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How Brandin Cooks Explains the Modern NFL

The Rams just handed their new receiver a five-year, $80 million deal. It speaks volumes about how L.A. prizes Cooks—and it’s the latest example of Cooks’s career reflecting the NFL’s value structure at large.

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Brandin Cooks has been on one hell of a ride during his first four years in the NFL. Despite tallying three 1,000-plus-yard receiving seasons and racking up 27 touchdown catches before his 25th birthday, he has already been traded twice. He’s been on offenses led by Drew Brees and Tom Brady and is now set to line up next to one of the league’s most promising young passers in Jared Goff. And on Tuesday, the Rams wideout finally landed the long-term contract he’s desired—a five-year, $80 million deal with $20.5 million in guarantees. Cooks has had the most fascinating start to a career of any (non-bust) first-round pick I can remember. And his journey to this point goes a long way in explaining the machinations of the modern NFL.

The former Oregon State receiver was taken by New Orleans with the 20th overall pick in the 2014 draft—a selection that was made after the Saints traded up seven spots in that year’s first round. The franchise was desperate to acquire a dynamic playmaker who could help Brees keep thriving into his late 30s, and Cooks fit the bill. He emerged as a potent force for most of his time in the Big Easy, with at least 1,100 yards and eight touchdowns in both his second and third seasons. Cooks began to feel his opportunities were limited in the Saints’ egalitarian system, though, and his frustrations became one of the league’s worst-kept secrets. As such, he was dealt to the Patriots in exchange for a first-round pick in March 2017. Cooks went on to help transform New England’s offensive approach by giving Brady his first legitimate deep-ball threat in years; Cooks’s 608 yards on throws that went 20-plus yards downfield last season ranked second in the NFL, according to Pro Football Focus. His reward was a March 2018 trade to the Rams, part of Los Angeles’s offseason effort to stockpile talent.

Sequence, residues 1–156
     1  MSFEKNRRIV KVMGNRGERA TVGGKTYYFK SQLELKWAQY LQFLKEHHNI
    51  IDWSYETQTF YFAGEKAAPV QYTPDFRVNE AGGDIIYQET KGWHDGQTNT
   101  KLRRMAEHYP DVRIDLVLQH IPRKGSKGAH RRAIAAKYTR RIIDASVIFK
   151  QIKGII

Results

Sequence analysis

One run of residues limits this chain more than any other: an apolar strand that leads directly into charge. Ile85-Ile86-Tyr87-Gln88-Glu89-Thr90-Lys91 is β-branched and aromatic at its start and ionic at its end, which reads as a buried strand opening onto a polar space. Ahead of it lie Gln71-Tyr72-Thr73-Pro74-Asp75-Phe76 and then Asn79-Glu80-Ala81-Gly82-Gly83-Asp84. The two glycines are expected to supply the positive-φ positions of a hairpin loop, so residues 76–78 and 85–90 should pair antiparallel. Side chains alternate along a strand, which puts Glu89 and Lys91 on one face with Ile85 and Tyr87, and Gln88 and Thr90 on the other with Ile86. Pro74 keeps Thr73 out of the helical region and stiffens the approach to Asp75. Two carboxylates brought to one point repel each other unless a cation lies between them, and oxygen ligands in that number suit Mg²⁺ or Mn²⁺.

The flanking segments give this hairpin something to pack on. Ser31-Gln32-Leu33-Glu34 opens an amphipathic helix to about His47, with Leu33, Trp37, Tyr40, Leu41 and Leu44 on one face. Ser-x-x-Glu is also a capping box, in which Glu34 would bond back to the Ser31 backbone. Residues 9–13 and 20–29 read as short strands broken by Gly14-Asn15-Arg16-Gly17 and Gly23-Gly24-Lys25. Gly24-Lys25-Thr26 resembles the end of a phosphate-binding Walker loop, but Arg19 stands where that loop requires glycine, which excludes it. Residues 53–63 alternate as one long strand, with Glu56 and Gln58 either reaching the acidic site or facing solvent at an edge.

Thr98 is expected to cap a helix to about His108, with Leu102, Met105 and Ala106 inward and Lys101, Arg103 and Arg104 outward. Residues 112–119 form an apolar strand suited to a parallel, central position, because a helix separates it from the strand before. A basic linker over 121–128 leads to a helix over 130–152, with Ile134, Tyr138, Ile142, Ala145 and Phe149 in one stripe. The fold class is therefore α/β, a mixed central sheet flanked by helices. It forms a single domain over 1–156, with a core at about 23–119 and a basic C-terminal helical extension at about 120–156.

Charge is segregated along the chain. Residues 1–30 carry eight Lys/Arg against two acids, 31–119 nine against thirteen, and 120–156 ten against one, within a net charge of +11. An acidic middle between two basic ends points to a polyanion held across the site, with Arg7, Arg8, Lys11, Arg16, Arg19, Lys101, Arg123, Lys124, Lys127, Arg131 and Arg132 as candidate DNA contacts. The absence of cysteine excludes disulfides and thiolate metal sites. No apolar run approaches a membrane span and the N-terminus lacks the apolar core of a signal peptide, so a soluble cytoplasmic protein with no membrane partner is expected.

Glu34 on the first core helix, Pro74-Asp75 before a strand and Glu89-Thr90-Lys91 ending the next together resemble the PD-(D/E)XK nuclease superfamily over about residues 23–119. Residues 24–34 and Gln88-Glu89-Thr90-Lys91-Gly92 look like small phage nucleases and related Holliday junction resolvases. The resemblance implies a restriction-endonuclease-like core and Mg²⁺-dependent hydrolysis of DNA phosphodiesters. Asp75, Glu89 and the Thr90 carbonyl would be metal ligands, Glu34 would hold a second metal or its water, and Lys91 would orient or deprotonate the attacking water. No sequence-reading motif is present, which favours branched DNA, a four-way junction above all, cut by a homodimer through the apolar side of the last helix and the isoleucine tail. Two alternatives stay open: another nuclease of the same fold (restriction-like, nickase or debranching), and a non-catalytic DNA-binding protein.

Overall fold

To the casual observer, it may seem like something must be wrong with Cooks. Players with his talent just don’t move around this often. Let’s unpack the moves one at a time, though, because they say more about the league’s value structure than about what Cooks can do as a receiver.

Cooks made it known that he didn’t feel valued in New Orleans. By shipping him to the Patriots, the Saints’ brass essentially acknowledged he was right. New Orleans head coach Sean Payton and Co. have been reluctant to hand out massive contracts to pass catchers during much of Brees’s tenure; along with jettisoning Cooks, the Saints also traded Jimmy Graham to Seattle in March 2015, about eight months after making him the highest-paid tight end in the league. It’s all in keeping with the franchise’s approach: New Orleans has been willing to sacrifice assets to move up and draft receivers but has shied away from keeping sizable receiver contracts on the books. The Saints’ personnel decisions reflect just how large the value gap under the current CBA is between players on rookie deals and veterans on second contracts. Knowing they wouldn’t want to pay market value for Cooks when he eventually hit free agency, the Saints elected to start the cycle over again with more high-end draft capital. The team’s 2018 roster is telling; its highest-paid receiver is Ted Ginn Jr., who will make just $4.5 million.